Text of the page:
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Oncogene. 1995 Jul 20;11(2):263-70.

p53 wild-type and p53 nullizygous Big Blue transgenic mice have similar frequencies and patterns of observed mutation in liver, spleen and brain.

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Department of Biochemistry, Mayo Clinic/Foundation, Rochester, Minnesota 55905, USA.


Transgenic mouse mutation detection systems offer a powerful tool for analysis of spontaneous and induced mutations in vivo. Mice doubly transgenic for a null mutation of the p53 tumor suppressor gene and a lambda shuttle vector harboring the lacI gene were utilized to examine the rate and pattern of spontaneous somatic mutation of the lacI transgene in vivo. Three somatic tissues were examined: liver, spleen and brain. At 6 weeks of age, three p53 wild type (+/+) and three p53 nullizygous (-/-), lacI (+/-) male mice were analysed. The mutation frequencies in the two genotypes were similar. The mutant frequencies for wild type (+/+) and nullizygous (-/-) p53 genotypes were, respectively, 4.2 x 10(-5) and 3.6 x 10(-5) in the liver, 4.3 x 10(-5) and 3.4 x 10(-5) in the spleen and 2.8 x 10(-5-) and 3.0 x 10(-5) in the brain. When the data from the three tissues were combined, the mutant frequency was 3.7 x 10(-5) for the (+/+) genotype and 3.3 x 10(-5) for the (-/-) genotype. By sequencing both strands in the DNA-binding region of the lacI gene, 91 mutations were found. When recurrent mutations in the same mouse were excluded, a total of 67 definitely independent mutations were found. No statistically significant differences were found in the mutational spectra between the two genotypes when the three tissues were analysed individually or combined (P = 0.58). These findings suggest a need to reconsider the general form of hypothesis that the p53 gene serves as the 'guardian of the genome'.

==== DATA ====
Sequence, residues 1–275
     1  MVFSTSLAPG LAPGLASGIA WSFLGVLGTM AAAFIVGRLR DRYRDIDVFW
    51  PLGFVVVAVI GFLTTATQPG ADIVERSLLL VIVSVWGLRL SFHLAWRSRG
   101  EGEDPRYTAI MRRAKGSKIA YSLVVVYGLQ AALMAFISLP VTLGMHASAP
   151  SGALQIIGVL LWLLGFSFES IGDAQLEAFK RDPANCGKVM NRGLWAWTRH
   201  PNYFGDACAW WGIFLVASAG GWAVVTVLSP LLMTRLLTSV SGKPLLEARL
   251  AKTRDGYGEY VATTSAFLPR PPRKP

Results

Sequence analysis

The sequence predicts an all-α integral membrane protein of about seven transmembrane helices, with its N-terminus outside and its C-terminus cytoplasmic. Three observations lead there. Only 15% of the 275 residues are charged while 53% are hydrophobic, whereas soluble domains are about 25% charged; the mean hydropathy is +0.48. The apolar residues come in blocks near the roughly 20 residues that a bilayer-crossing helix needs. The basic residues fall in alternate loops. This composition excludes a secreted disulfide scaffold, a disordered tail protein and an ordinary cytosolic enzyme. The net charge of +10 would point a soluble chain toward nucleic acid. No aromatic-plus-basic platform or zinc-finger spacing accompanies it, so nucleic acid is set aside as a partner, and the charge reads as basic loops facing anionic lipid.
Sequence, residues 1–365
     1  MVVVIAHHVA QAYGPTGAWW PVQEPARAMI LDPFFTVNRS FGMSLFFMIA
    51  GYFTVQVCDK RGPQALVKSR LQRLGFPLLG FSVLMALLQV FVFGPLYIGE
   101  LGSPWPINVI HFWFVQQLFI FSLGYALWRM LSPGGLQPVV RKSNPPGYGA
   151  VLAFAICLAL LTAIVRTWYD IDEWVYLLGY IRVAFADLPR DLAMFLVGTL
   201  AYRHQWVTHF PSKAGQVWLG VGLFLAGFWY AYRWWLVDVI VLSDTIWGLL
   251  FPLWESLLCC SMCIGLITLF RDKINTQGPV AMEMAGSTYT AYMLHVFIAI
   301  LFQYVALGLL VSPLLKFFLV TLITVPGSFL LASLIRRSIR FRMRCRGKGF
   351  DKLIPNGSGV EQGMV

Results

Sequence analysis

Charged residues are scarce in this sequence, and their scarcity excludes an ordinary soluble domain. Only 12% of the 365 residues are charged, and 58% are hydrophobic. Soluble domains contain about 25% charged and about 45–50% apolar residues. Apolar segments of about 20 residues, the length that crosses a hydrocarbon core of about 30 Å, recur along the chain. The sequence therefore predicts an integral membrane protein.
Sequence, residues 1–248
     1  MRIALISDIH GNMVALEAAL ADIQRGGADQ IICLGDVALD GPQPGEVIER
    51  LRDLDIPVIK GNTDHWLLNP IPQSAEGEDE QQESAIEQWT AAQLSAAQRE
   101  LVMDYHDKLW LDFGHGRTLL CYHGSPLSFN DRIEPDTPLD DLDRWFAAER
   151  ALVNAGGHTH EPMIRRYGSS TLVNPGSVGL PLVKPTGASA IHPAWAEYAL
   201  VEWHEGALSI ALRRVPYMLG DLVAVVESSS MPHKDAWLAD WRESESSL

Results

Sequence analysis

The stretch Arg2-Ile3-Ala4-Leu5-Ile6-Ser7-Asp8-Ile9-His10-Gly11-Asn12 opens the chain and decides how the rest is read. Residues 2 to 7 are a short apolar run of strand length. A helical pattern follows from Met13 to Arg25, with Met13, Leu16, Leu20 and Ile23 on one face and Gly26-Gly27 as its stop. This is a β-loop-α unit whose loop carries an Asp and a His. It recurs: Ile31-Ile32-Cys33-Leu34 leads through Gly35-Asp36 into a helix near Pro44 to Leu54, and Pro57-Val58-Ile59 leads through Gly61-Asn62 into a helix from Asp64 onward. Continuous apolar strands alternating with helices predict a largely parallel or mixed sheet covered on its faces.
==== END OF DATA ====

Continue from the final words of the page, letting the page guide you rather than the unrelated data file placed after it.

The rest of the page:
[Indexed for MEDLINE]

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